“Passing that knowledge on – explaining to young people that if you want to get things done, these are the people you’ll need to establish relationships with. It makes me proud and makes me want to continue to participate.”
Jay Folladori, Incoming President, Specialized Carriers and Rigging Association (SC&RA)
Talk to me about that new Florida chapter – what took you to Landstar?
At that time, the new president of Landstar Ranger was a gentleman named Jim Shepherd. We’d worked together previously at Eck Miller. He asked me to come down and interview. I started off as director of operations, and six months later, I was promoted to vice president of operations. When Landstar consolidated their management group, I chose the position of vice president of operations – asset management, government explosives management and customer service. I consolidated three maintenance departments and three trailer control routes to build an asset-management control and maintenance department. A pretty big undertaking at the time.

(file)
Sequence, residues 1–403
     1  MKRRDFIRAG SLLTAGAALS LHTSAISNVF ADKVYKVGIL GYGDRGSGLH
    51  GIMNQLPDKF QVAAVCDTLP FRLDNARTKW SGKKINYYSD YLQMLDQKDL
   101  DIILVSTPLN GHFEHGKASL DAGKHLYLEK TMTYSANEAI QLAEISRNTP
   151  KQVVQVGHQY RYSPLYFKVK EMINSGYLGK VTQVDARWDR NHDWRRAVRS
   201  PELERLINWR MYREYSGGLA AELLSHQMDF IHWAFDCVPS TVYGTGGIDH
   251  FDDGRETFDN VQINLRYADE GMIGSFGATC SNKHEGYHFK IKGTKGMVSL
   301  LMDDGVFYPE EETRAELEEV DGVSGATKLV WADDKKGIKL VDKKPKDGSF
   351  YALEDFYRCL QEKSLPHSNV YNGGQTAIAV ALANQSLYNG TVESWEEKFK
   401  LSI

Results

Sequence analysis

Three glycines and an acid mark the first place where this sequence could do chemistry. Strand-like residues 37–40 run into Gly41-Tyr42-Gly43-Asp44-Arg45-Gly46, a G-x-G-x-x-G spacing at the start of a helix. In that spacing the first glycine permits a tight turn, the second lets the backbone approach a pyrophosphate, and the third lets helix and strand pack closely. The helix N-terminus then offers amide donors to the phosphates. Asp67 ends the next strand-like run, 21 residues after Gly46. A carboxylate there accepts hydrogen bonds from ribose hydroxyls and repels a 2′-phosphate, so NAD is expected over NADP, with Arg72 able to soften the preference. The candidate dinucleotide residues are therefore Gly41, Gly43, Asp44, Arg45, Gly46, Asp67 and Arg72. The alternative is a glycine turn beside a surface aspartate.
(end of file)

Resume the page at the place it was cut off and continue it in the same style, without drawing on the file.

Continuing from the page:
You eventually landed in management within Landstar Ranger’s heavy specialized department.
I did. Primarily at that point, we were trying to organize our pricing concept – develop a pricing model that we could use throughout a thousand agents that Landstar had at the time. But in 2015, David Lowry approached me at the SC&RA Annual Conference and asked if I would consider becoming president at Bennett. We made a decision to do that in September 2015, and I relocated to the McDonough, Georgia, area – coming home every two weeks to Florida. I basically told David that I would give them five years as president. Due to some health issues currently, I’ve taken a bit of a different role.
Bennett’s reputation for strong company culture is known throughout the industry, but every company still faces INDUSTRY challenges. Can you speak to how Bennett addresses some of these challenges?
All the carriers have been facing a capacity challenge – where to find drivers, owner-operators, we’ve all faced it. I think Bennett has done a good job with recruiting; they’ve built an aggressive safety-bonus program, which not only helps to attract the owner-operator, but also helps in our retention side. Last year, we changed our pay structure, which makes us very favorable when folks are looking to work with Bennett. It puts us in the forefront when people are looking at corporations to lease their truck to.
And David Lowry has been the leader in that regard – he’s seen what the position of the industry is and he has taken an aggressive approach to become a major opportunity for owner-operators.
To that end, what are your thoughts on advances in technology?